Total Recall Review

Total Recall Review

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Total Recall UK Quad Poster 220x150 Total Recall ReviewAnyone who considers Paul Verhoven’s Total Recall – and I say this as a fan – to be anything other than a daft, softly satirical romp, is an idiot.

It’s a cheesy 90s star vehicle, and for all the wit and intelligence Verhoven could throw at it, it never rose to much above that. The concept is clever, and it features some astonishing SFX work, but the performances are dreadful, the story half-arsed, and the massive Deus Ex Machina at the end utterly unsatisfying.

It is a lot of fun though, and it has a hell of a lot of fans, many of whom have had the knives out for Len Wiseman’s remake since before the script was finished. Which is a shame, because it’s actually pretty good.

From the outset this movie is very much its own beast. Gone is Mars (barring a reasonably subtle nod-and-wink reference), and instead we’re on Earth. Admittedly it’s an Earth that feels like the offspring of Serenity and Minority Report, but it’s definitely our planet, and we stay there throughout the movie. It’s also an Earth with only two inhabitable areas –‘The UFB’ and ‘The Colony’, which are, in essence, Britain and Australia. This gives the film a much more grounded feel than the original, in spite of it featuring robot police and levitating cars. It also gives it an excuse for quite possibly the maddest sci-fi concept of the last five years – a chuffing great commuter tunnel that runs through the centre of the planet. Regardless of your overall enjoyment of the movie, the people involved deserve your money for not only including that idea, but managing to make you believe it works.

Actually, that’s not the only reason they deserve your money. This new version of Total Recall plays like a slimmed down, streamlined version of the original, with a script written by actual screenwriters rather than people who had good ideas, but couldn’t quite make them work. Never more is this streamlining more apparent, or more successful, than in Kate Beckinsale’s role, which combines Sharon Stone and Michael Ironside’s characters from the original, giving Quaid’s wife more to do than just get killed in the first act.

The only downside, when it comes to the script is that we’re in familiar territory from the outset, and with a remake of something so ingrained in the popular consciousness, Wiseman et al are fighting a losing battle; they can shuffle the cards so they come up in a different order, but they can’t change the deck. At one point they use this to their advantage, with a little nod that serves as a terrific piece of misdirection, but ultimately, by the end of the second act, it’s easy to find one’s mind wandering away from the film, and (certainly in my case) onto just how this version of the movie would have played out had they cast Arnold Schwarzenegger.

Still, the third act, because of the non-Martian setting, is sufficiently entertaining to pull one’s attention back from the Austrian Oak. Like much of the movie, it shows a real creativity on the part of the writers and directors, which leads to a reasonably satisfying climax, with a couple of nice set pieces.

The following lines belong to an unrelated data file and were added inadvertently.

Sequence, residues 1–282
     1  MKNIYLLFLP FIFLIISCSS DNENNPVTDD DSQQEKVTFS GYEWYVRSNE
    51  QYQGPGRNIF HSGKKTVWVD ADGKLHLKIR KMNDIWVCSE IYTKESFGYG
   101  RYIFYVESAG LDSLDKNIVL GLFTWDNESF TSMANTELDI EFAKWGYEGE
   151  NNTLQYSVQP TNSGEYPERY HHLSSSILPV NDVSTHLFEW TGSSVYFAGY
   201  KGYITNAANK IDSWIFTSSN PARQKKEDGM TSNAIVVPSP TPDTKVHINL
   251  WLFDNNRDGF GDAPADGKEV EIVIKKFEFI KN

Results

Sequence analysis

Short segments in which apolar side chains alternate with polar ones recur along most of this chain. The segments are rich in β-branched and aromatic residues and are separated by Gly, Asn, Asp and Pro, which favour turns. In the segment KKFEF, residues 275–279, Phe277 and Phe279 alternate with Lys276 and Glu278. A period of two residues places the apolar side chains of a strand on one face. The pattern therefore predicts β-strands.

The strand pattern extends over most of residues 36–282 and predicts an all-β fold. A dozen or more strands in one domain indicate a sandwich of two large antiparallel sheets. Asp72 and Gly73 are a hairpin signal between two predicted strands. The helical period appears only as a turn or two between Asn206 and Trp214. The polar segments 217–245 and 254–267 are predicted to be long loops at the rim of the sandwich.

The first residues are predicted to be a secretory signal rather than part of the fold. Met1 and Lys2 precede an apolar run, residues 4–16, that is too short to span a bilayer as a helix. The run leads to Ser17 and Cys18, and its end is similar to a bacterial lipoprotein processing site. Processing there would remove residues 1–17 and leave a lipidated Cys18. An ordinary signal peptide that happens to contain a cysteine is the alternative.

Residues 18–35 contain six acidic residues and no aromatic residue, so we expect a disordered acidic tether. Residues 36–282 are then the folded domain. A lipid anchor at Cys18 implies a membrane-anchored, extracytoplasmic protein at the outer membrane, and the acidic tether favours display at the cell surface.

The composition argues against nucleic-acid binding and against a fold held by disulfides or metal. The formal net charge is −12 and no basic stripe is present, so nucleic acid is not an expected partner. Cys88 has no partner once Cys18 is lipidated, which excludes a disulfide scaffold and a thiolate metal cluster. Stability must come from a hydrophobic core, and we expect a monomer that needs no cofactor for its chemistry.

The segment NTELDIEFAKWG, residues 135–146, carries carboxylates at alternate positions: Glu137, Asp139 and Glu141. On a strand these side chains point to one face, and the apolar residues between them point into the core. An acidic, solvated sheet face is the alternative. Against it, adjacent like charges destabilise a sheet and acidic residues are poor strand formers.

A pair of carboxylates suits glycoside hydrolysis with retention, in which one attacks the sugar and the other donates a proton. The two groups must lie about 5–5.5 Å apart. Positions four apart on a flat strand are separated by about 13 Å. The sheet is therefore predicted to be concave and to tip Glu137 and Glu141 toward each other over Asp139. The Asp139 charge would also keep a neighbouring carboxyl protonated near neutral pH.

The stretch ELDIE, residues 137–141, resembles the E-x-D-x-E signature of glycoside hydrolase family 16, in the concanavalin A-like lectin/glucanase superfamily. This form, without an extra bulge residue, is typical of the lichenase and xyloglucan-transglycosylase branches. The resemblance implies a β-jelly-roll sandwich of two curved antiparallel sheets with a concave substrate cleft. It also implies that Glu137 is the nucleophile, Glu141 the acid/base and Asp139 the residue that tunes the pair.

Performance wise, it’s a pretty solid affair. Farrell, Beckinsale and Biel are all decent enough – although the decision to cast two brunettes, particularly two who looked so similar, made it a little difficult to keep track of which was which. Bill Nighy was also ok, but ultimately he was, as always, just playing Bill Nighy. By contrast, Bryan Cranston was great. It’s becoming a cliché to praise a Bryan Cranston performance, but yet again he managed to be in a film and be utterly unrecognisable as himself, and utterly compelling as the character.

Sadly, the one thing the film really doesn’t get right, is dropping (or at least downplaying) the sense of ambiguity about Quaid’s adventure. With the exception of the inherent confusion between Beckinsale and Biel, at no point do we feel as if what we’re seeing isn’t the whole truth. Presumably the decision was made somewhere along the line that, as we’re all familiar with the original, the mystery element wouldn’t work. It’s understandable, but also a shame, because had they played that up,  and kept us on our toes, they may have actually made the rest of the film feel a lot fresher.

Still, on the whole it’s an enjoyable film, and a big step up from some of the muddled, self-important sci-fi flicks that have come out this year. Definitely worth a watch. It’s also, by far the best looking film this year, or indeed the last few years. Absolutely stunning production design, and if it weren’t for The Hobbit, I’d have stuck a tenner on it winning the Art Direction Oscar already.

[Rating:3.5/5]

  • http://twitter.com/lexplex_ Lexplex

    I knew in advance of reading this that I’m a bit of an idiot, but I was genuinely impressed with Verhoven’s version when I saw it. Sure in hindsight it’s a bit hackneyed and the performances were phoned in, but most blockbusters of the late 80s/early 90s were like that. I was young when I saw it and not very aware of other sci-fi out there, but I loved how daring and full-on it was. The ending was a bit silly with the rubber faces and the Deus Ex Machina, but I was willing to forgive them. :-)

  • http://twitter.com/montimer Ben Mortimer

    I still love Verhoven’s original, but this one fixes a lot of the issues it had.

  • http://twitter.com/lexplex_ Lexplex

    Yeah I think I’m going to see the new version, but I’m already disappointed in advance that they didn’t try to outdo themselves with the disguise/head scene. Mind you, it’s all CGI these days and I’m still in total awe about how they did stuff like that using rubber and pneumatics and things.